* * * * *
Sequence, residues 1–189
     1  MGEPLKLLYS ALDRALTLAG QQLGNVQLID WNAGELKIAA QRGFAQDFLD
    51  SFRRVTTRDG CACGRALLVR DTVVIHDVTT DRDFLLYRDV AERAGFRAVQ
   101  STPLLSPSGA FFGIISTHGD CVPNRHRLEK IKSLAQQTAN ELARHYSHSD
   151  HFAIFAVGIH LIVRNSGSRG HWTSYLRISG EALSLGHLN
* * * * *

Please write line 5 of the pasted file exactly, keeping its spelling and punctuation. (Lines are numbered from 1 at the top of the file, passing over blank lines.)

   151  HFAIFAVGIH LIVRNSGSRG HWTSYLRISG EALSLGHLN